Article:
After getting a new heart, Pleasanton teen is giving back — with a heart-healthy cookbook

Justin Wang holds first book signing at Ronald McDonald House at Stanford

Justin Wang, 16, a heart-transplant recipient, returned to Ronald McDonald House at Stanford on Tuesday to launch his new heart-healthy cookbook, "Justin's Hearty Recipes." Wang lived at the house last summer while recovering from surgery. The nonprofit Make-A-Wish Greater Bay Area brought Wang together with a professional chef to develop the recipes for the cookbook. Photo by Sara Chupein-Soroka/courtesy Ronald McDonald House Charities Bay Area.

On April 30, 16-year-old Justin Wang brought hope in the form of a healthy cookbook to patients and friends at the Ronald McDonald House at Stanford, where he lived for three months last year after receiving a heart transplant.

Wang, diagnosed with a rare blood disorder at the age of 2, had been suffering from chronic heart failure. He had a heart transplant on April 27, 2018, at Stanford Hospital and spent the summer recovering at the Ronald McDonald House. There, he enjoyed cooking, a hobby he had picked up years earlier from his first-grade tutor.

When he first learned that he qualified for a wish through the nonprofit Make-A-Wish Greater Bay Area, he said he didn't know what to do — then, he landed on the cookbook idea.

For much of Wang's life, he'd had a diminished appetite because of his ailing heart, but after receiving a new heart, he now "has a yearning for delicious food," he told Make-A-Wish. This newfound hunger, coupled with his desire to stay healthy, led him to make his request: "to work with a professional chef to create a recipe book of healthy meals."

Titled "Justin's Hearty Recipes" the cookbook includes various recipes that are low in salt and also nutritious. Among the offerings: a Thai basil fried-rice dish and a traditional Filipino stir-fried rice-noodle dish called pancit.

"I have three main goals of this cookbook; be healthy, be convenient and taste good," said Wang, who is currently a sophomore at Foothill High School in Pleasanton.

After working with East Bay Healthy Chef owner Victoria Lacuesta, Wang held his first book signing on April 30 at the Ronald McDonald House.

With representatives of the media and various organizations surrounding him, he said he enjoyed his "15 minutes of fame," even though he didn't plan for the book to be such a huge deal.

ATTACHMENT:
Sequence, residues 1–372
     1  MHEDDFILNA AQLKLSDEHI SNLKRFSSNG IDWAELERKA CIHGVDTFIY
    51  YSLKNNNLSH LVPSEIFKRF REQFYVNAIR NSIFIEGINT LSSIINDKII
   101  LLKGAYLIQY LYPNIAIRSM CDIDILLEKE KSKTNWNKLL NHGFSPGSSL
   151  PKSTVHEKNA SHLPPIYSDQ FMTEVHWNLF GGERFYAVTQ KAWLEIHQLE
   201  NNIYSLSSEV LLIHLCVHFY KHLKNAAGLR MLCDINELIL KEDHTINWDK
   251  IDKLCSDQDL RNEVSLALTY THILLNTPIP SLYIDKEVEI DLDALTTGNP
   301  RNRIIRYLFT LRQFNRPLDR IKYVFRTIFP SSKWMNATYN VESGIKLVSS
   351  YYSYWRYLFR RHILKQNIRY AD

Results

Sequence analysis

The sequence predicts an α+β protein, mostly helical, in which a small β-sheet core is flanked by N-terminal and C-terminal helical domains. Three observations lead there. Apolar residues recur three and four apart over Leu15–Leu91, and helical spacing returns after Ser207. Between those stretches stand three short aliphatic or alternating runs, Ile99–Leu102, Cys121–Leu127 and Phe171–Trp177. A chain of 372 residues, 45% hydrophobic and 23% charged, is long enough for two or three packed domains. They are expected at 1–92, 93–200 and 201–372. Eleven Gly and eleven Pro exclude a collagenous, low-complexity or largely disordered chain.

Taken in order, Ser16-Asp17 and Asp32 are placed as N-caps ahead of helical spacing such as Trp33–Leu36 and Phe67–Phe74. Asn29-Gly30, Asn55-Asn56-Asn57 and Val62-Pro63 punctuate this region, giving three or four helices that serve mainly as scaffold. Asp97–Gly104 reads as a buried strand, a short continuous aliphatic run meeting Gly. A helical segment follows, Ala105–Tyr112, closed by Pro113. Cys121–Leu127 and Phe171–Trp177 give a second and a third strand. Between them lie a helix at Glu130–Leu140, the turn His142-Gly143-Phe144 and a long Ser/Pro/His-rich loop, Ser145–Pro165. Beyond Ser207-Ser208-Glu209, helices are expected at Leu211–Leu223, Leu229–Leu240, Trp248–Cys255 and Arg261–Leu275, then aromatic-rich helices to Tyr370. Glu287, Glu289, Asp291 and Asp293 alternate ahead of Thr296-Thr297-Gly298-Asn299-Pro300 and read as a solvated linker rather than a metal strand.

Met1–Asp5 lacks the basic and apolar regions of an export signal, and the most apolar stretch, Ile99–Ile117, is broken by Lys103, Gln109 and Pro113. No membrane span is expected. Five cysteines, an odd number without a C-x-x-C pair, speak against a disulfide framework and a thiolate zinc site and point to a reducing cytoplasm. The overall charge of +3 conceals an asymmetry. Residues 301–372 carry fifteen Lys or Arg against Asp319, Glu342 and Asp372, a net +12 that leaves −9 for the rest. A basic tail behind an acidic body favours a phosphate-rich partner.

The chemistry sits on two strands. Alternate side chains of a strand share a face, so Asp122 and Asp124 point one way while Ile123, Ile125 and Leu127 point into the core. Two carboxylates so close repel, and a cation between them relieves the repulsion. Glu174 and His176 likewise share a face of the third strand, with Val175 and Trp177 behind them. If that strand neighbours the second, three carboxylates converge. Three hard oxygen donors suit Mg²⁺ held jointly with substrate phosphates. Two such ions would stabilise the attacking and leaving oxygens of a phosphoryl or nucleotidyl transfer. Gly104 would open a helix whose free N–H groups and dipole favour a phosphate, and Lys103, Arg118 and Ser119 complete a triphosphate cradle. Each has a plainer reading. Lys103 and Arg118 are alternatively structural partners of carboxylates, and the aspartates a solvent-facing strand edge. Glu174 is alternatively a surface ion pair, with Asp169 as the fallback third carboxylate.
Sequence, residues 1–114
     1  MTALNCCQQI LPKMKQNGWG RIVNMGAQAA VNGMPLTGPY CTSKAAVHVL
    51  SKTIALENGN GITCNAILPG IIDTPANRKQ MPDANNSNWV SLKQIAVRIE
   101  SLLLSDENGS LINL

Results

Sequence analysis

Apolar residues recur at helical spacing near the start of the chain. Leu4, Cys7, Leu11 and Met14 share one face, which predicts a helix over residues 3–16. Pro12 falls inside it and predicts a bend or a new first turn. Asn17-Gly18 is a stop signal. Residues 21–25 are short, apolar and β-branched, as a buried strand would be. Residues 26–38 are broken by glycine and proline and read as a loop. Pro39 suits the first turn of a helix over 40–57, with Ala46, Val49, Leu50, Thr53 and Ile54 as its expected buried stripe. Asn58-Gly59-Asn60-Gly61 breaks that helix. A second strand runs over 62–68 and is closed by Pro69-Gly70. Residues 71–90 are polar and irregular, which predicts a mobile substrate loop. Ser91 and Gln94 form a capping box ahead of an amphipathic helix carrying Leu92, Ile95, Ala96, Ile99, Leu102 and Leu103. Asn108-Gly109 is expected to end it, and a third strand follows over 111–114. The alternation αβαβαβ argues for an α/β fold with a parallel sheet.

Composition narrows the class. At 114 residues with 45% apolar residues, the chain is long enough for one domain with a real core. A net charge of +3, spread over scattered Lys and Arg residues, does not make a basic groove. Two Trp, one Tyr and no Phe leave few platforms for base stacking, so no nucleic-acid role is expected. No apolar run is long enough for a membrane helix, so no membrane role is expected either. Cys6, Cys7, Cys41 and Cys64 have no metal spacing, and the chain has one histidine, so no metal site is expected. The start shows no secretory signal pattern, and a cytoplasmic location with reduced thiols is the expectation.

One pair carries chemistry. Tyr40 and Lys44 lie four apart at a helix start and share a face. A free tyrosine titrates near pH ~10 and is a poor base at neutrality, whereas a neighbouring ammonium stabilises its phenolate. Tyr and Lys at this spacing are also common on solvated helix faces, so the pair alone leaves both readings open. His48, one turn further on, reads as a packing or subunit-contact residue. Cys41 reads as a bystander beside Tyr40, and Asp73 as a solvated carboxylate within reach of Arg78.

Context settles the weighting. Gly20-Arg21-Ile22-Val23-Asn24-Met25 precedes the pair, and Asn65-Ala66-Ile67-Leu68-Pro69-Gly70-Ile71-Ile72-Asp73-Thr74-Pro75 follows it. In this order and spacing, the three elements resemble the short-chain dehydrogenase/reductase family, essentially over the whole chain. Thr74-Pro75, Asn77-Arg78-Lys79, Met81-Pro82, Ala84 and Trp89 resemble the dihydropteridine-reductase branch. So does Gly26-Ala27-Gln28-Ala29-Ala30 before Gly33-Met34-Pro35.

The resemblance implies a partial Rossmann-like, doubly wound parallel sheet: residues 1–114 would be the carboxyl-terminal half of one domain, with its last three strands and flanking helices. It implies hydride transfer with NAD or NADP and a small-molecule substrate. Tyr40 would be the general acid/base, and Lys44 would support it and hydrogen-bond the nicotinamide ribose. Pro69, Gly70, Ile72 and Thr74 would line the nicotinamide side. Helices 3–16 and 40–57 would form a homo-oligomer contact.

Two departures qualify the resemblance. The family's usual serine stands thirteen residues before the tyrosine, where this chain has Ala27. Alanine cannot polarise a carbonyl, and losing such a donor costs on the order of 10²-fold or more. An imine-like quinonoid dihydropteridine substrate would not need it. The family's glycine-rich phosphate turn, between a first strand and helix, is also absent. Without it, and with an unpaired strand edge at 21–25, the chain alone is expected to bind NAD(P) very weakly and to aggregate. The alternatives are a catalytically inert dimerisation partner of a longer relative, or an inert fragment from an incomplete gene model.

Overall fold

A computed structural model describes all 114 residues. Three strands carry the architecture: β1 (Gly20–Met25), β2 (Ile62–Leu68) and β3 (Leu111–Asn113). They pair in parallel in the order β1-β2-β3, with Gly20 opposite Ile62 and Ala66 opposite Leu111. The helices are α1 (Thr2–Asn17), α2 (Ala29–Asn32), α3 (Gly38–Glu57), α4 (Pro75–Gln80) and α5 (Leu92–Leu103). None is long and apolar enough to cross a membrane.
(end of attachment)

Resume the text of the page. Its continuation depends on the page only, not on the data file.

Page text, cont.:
Lacuesta said that at first she couldn't believe she was being chosen to help with the book.

But after getting the emails from Make-A-Wish Greater Bay Area, meeting the Wang family at their house and deciding to try something new, she was excited for the opportunity.

"I'm not expecting anything big, as in huge publicity; I just want to help people," Lacuesta said.

Betsy Biern, CEO of Make-A-Wish Greater Bay Area, said that as a mom and a cook, she loved Wang's wish and how he did it not only for himself but also for others like him.

Ronald McDonald House Charities Bay Area CEO Annette Eros said she found it moving and inspiring that Wang came back to share his experience with patients.

"Both of our organizations are about inspiration, hope and bringing happiness to families that are in crisis, and so this is one of the ways we've done work together, but this type of thing has been going on for a really long time," she said of the partnership between Ronald McDonald House and Make-A-Wish.

Wang said he considered his recovery at the house as both his best and his worst time.

"It wasn't great staying here, but it was awesome staying here," he said, explaining that while he didn't like that everyone was sick, he appreciated the friendly and supportive environment.

He said he feels like he brought hope to the house.

"People needed hope here the most; the people here are suffering the most," he said.

April Bristow and her son Kayano, who recently received a kidney transplant, were Wang's first neighbors at the house last year.

Bristow recollected how welcoming Justin was and how she always saw him cooking during their months at the house.

"It's like a big family, very warm, and it's unique in that we are all going through something similar," she said.

Wang's parents said they've been moved by all the work the organizations have done for their son and are grateful to everyone who helped him, especially the family who donated his new heart.

"It's a big stone lifted from us," said Wang's dad, Lin Wang, adding that his son is much healthier now.

With the first year over, Wang's mom, Yang Wei, said she doesn't know what the future holds but that she will always support Justin.

"Transplants are not the solution; it's an extension of life," Wei said. "It's like we're in the process of uncharted territory, so during this journey we're doing it one step at a time."

In the past year, Wang said, he started exercising and playing sports, something completely new for him.

Cathy Koubek, director of marketing and communications for Donor Network West, praised Justin for bringing awareness to organ donations.

"I think Justin is a living, breathing example of the successes of organ transplant," she said.

But Koubek also said many other people still need hearts and that more can be done to save people's lives.

"Be an organ donor," Wang said. "When the inevitable comes, an organ donation will continue your legacy even after death."

"And an inconvenience of 15 minutes (to sign up) can save a life — multiple lives actually."


Follow the Palo Alto Weekly/Palo Alto Online on Twitter @PaloAltoWeekly and Facebook for breaking news, local events, photos, videos and more.

Pleasanton Weekly reporter Ryan J. Degan contributed to this report.

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